The Road Dance


Reviewed by: Amber Wilkinson

The Road Dance
"I'm trying hard not to spoil a film which has plot beats that are so obvious and familiar it might as well be blasting them out on bagpipes."

This feature debut from American director Richie Adams is firmly in the tradition of the likes of Catherine Cookson and Barbara Taylor-Bradford, although the novel source material here was written by a man, John Mackay, which unfortunately shows in its inability to truly get under the skin of its heroine. It has the well-made but familiar feel of a Sunday evening drama on ITV or the Beeb - a slot that it could well find itself occupying at some time in the future, especially after taking home the Audience Award after its EIFF world premiere.

Set in the run up to the First World War on the Hebridean Isle of Lewis, the story takes place in the tiny coastal village of Garenin. It is here that Kirsty Macleod (Hermione Corfield) lives on a croft with her mother (Morvern Christie) and sister Annie (Ali Fumiko Whitney) since the death of her father when she was a child. It's the sort of place where everybody knows your business, especially local busybody Old Peggy (Alison Peebles). No community of this sort would be complete without a local oddball, in this case the reclusive Skipper - and, yes, by now you'll have noticed even the character names over-familiar - (played by Jeff Stewart), a police constable (Ian Pirie) and a doctor (Mark Gatiss).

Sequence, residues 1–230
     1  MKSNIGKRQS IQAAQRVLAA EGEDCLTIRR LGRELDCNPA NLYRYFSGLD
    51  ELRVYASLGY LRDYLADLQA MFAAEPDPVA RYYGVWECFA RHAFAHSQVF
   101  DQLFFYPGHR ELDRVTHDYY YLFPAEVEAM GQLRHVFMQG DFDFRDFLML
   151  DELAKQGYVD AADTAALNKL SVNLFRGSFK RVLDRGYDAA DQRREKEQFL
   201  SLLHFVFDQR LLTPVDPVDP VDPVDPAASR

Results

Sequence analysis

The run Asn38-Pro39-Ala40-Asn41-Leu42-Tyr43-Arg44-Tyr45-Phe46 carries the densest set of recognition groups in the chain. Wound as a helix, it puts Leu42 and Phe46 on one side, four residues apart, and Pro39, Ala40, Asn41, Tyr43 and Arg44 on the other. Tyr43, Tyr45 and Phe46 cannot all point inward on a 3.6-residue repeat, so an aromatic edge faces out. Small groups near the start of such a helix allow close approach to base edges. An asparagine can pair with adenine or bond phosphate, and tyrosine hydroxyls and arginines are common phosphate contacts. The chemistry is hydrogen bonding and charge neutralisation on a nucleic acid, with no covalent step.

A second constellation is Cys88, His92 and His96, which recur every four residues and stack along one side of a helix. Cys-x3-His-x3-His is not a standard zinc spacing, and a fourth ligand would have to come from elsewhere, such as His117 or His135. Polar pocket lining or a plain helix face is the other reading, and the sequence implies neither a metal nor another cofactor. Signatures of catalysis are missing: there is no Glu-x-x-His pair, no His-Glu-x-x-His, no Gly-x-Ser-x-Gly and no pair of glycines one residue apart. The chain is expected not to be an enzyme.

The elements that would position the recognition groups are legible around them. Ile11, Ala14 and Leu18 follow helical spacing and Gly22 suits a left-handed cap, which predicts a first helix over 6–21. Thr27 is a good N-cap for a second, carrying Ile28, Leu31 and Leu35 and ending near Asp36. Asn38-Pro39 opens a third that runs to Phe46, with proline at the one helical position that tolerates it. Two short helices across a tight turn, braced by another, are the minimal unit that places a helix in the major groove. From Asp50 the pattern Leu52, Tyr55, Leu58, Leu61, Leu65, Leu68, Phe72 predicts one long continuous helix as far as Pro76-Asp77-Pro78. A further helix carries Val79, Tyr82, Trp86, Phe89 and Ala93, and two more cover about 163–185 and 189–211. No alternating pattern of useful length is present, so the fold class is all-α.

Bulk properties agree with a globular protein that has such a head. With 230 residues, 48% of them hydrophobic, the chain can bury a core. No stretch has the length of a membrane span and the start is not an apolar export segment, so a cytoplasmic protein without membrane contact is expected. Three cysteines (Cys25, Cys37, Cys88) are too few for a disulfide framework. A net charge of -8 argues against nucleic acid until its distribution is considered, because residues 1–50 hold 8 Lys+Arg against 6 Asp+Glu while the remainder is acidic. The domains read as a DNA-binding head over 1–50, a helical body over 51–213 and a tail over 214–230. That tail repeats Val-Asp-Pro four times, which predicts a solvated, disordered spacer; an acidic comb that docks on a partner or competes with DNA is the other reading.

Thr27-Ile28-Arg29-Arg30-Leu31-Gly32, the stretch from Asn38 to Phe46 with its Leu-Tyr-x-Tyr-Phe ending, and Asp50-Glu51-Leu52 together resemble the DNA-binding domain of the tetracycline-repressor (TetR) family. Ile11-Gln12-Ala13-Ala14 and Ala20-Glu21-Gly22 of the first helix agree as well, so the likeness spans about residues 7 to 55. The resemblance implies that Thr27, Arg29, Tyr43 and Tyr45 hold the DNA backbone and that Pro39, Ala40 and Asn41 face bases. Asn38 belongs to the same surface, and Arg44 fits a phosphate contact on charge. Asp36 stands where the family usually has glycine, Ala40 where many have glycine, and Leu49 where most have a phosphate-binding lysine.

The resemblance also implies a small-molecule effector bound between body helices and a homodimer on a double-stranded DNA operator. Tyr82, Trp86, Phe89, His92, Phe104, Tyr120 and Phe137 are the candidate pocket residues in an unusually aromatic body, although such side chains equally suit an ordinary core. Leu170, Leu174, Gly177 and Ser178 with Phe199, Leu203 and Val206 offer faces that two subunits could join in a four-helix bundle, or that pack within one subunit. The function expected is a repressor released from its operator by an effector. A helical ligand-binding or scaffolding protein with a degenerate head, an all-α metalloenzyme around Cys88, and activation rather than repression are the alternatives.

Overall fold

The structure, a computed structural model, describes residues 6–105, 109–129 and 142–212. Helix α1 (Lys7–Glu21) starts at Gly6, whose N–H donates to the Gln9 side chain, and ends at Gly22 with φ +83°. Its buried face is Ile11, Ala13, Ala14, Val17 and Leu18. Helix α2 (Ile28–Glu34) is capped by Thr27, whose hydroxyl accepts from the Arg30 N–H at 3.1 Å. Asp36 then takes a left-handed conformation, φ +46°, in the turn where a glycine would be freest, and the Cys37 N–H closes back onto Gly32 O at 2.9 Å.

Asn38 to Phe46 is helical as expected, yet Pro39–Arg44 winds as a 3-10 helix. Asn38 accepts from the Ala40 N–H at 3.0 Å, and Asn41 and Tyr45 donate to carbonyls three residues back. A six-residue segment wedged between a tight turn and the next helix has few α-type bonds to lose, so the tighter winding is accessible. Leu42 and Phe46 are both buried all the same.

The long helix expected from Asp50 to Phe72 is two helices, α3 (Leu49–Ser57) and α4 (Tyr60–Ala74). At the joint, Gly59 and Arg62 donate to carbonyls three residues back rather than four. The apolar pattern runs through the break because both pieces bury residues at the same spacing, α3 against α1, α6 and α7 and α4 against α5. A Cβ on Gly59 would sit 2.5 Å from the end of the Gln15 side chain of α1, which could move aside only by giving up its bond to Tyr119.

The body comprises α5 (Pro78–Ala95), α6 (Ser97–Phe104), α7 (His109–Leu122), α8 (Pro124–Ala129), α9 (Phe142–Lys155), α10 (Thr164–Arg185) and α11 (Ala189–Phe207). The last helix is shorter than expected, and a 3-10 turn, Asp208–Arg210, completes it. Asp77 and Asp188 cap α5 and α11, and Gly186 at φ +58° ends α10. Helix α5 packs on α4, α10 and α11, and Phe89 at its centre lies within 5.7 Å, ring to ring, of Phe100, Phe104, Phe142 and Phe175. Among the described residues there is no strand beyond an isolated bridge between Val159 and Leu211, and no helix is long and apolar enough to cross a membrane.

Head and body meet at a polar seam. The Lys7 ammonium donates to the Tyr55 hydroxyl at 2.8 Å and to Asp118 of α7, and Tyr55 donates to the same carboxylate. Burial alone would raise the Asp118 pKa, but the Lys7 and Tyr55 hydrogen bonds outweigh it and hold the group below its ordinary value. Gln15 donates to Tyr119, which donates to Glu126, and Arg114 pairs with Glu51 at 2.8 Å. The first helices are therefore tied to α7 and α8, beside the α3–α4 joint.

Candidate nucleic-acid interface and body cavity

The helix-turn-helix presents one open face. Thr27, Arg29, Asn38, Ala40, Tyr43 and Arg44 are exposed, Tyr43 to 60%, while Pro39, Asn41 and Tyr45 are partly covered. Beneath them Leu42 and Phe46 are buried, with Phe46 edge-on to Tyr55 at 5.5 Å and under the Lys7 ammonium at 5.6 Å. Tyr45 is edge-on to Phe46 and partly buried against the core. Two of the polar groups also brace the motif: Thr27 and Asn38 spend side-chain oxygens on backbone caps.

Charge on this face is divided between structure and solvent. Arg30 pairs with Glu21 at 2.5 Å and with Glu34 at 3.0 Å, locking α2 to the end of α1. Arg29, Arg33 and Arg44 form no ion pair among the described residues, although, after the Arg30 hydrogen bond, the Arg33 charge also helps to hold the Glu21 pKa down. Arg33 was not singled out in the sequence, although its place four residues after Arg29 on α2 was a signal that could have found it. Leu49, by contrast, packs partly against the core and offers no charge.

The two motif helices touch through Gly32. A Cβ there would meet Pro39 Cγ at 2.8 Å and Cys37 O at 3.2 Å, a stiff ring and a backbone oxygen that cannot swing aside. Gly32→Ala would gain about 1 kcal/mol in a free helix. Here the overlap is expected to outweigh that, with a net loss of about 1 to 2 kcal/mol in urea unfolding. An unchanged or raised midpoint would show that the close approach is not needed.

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Love is blossoming between Kirsty and island laddie Murdo (Will Fletcher), recently returned from his Army training, much to the upset of fellow suitor Iain (Tom Byrne) but as the community prepares to wave its boys off to war, something fateful happens at the dance of the question.

I'm trying hard not to spoil a film which has plot beats that are so obvious and familiar it might as well be blasting them out on bagpipes; props to Richie, incidentally, for not including the skirl of those too much in the course of the film, at least steering clear of giving Lewis the full chocolate box treatment. But, as Kirsty discovers, stunning scenery can't save you. There's nothing here that even the most casual cinemagoer won't have seen several times before, which in itself might have worked with a bit more psychological underpinning but despite a pleasantly engaging performance from Corfield, she is given very little to work with. Her character is variously described as strong-headed and independent but she lacks any true sense of agency after events begin to unfold while the central puzzle has too few pieces to be satisfying. Things happen to Kristy but we don't get a sense of what's really going on in her head.

The acting, in general, deserves better from the script. Richie seems to be a romantic at heart, which is perhaps why the scenes between Murdo and Kirsty muster the most heat but it's a shame he shies away from the potentially interesting, melancholic elements of a village that is losing a generation to war. There's enough here to keep melodrama fans happy - and the Audience Award is testimony to that - but the more interesting emotions just feel too remote.

Reviewed on: 31 Aug 2021
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With the world on the brink of war a young woman dreams of a world and a life away from the harsh land and strict religion of her Hebridean island home.
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EIFF 2021

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